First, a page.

Faith+works and formal logic

And now back to your regularly scheduled programming… I would apologize for the lengthy interruption, but I’m actually not at all sorry. I’m sure you’ll hear more about thunder and lightning in the future, but for now I figure I’d better get back to regular ranting before I lose the last few readers that I flatter myself into believing that I have. đŸ˜› Thus, today’s topic is a brief foray into the issue of faith+works and formal logic.

This was prompted by a Sunday School discussion last Sunday where the discussion leader wrote the following on the board:

faith + works = salvation

This was the proposition that the Reformers took issue with. The major scripture passage that comes to mind regarding this issue is Ephesians 2:1-10. Here are a few pertinent verses from that section:

For it is by grace you have been saved, through faith—and this not from yourselves, it is the gift of God—not by works, so that no one can boast.

Also relevant is James 2:20. Here’s the main point:

What good is it, my brothers, if someone says he has faith but does not have works? Can that faith save him? … So also faith by itself, if it does not have works, is dead.

The Sunday School leader claimed that in light of these passages, the Reformers changed the equation to the following:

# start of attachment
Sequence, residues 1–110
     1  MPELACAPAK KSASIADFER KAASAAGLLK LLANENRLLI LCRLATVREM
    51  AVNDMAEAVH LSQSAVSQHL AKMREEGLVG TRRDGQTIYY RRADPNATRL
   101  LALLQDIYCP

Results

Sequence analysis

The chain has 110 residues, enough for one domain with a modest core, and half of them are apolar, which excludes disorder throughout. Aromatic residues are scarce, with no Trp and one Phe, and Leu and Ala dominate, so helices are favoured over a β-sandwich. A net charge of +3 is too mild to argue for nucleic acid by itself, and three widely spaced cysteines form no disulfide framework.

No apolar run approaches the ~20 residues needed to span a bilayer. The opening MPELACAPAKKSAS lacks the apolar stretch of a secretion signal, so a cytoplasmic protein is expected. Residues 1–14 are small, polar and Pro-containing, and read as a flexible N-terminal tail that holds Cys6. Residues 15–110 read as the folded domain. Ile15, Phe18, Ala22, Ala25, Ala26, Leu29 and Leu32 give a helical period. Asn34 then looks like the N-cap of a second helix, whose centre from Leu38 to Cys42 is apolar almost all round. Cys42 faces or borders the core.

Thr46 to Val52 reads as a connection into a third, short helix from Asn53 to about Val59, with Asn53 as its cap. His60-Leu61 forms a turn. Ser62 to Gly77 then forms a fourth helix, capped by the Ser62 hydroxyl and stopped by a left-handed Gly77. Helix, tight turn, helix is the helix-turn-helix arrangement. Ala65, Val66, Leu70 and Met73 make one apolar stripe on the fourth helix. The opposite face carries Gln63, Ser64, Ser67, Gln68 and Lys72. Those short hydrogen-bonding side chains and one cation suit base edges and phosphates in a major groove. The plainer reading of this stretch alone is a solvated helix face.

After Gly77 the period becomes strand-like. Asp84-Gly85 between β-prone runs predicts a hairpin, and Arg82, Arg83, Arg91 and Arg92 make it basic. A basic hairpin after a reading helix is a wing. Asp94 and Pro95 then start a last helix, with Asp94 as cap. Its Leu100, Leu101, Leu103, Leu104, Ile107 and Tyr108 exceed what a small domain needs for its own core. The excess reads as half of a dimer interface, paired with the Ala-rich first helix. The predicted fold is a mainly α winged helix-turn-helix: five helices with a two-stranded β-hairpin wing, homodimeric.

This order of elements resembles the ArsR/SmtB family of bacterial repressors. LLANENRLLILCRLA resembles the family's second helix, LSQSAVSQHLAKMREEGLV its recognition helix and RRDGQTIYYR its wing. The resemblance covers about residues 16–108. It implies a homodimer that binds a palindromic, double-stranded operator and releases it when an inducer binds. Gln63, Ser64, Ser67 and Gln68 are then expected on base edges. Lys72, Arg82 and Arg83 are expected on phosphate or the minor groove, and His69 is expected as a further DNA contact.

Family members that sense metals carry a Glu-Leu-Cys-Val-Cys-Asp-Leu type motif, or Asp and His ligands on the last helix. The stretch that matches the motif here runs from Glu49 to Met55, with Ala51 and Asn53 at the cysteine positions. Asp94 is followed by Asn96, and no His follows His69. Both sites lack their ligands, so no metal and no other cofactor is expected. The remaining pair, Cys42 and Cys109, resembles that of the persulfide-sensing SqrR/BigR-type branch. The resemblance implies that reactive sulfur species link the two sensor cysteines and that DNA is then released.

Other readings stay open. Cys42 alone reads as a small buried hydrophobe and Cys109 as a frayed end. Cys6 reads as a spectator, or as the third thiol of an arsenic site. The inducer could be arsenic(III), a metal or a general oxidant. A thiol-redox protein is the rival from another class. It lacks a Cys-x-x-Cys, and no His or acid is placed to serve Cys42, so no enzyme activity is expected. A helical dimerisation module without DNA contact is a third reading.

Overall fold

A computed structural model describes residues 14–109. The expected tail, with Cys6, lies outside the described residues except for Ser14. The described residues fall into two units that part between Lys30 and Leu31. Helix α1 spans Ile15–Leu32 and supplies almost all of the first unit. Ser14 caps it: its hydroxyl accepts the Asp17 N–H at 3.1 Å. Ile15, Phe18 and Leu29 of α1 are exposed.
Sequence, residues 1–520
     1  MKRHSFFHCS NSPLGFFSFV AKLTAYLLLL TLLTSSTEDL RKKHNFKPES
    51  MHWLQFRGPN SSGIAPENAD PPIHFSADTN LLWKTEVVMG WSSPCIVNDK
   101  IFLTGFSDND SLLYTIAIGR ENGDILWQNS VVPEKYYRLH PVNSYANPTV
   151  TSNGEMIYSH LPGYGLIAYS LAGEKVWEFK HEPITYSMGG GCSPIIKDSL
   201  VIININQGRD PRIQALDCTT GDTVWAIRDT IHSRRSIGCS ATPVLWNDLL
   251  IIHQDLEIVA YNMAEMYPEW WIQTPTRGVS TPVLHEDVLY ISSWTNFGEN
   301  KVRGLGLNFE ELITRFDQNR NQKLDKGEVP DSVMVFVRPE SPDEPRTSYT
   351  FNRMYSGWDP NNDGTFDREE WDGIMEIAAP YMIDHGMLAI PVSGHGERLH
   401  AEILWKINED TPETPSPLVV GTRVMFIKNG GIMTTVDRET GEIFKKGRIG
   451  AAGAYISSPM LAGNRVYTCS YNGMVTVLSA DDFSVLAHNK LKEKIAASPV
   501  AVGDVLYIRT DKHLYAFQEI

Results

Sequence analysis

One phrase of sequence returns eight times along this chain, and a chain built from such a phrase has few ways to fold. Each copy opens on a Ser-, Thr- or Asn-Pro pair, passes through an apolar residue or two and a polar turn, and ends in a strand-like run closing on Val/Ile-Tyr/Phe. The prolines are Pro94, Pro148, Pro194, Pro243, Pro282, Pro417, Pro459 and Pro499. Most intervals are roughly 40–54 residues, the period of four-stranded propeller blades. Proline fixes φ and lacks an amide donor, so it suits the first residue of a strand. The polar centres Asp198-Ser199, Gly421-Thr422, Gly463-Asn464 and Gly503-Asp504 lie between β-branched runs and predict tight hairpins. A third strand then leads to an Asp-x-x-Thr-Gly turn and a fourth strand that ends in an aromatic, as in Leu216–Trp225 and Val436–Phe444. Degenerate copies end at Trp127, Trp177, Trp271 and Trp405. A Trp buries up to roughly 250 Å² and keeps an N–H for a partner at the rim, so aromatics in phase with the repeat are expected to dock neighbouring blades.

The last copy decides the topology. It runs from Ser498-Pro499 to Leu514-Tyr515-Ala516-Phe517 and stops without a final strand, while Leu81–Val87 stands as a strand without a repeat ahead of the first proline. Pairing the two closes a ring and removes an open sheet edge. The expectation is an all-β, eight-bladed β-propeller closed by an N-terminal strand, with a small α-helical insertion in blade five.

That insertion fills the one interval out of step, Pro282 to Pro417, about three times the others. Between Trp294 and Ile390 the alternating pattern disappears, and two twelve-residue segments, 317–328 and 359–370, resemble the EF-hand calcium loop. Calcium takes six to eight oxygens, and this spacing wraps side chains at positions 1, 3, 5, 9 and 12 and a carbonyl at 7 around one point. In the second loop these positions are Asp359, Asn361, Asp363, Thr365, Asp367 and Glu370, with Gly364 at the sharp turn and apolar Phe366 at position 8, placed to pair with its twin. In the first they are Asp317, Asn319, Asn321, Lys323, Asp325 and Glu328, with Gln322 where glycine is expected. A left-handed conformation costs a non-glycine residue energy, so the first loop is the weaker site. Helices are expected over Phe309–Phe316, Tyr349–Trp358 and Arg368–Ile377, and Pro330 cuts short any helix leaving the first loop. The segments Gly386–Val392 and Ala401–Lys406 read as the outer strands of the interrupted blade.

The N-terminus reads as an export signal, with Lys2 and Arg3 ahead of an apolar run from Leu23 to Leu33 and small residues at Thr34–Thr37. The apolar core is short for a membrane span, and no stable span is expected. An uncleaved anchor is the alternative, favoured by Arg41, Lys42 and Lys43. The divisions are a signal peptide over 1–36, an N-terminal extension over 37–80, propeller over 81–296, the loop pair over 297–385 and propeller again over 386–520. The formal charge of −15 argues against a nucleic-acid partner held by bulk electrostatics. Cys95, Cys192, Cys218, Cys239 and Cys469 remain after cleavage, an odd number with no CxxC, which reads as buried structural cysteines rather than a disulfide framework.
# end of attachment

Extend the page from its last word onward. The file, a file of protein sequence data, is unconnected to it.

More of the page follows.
faith = salvation + works

Upon further consideration, I decided that this doesn’t make sense because faith is not in any way construed to be “equal” to salvation and works, but rather than faith leads to both salvation and works. (This sidesteps the issue about whether faith is in fact sufficient as well as necessary for salvation, but that’s a question for another day.) Thus, we have transformed the algebraic equation into a logic proposition:

faith -> salvation ^ works

For those who aren’t familiar with logic, this reads “faith implies salvation and works,” and means that if we have established the presence of faith, we can also (by this implication) establish the presence of salvation and works. This assumes the implication is valid.

The interesting point (to me) is when you use and-elimination to get the following:

faith -> works

And then form the contrapositive:

~works -> ~faith

That reads “not works implies not faith.” The passage from James (“faith without works is dead”) seems to support this conclusion. This raises the following dilemma: if there are no observable works in the life of a self-professed believer, are we justified in questioning that believer’s faith? To a further extreme, are we obligated to perform this questioning?

This seems to be a very slippery slope. The Bible seems pretty clear that as humans, we cannot know the state of another person’s soul, and thus this issue of questioning another person’s salvation seems very dangerous.

When I brought up the issue, the discussion leader decided that I was taking the mathematical application too far and drew a large X through the entire derivation. đŸ™‚

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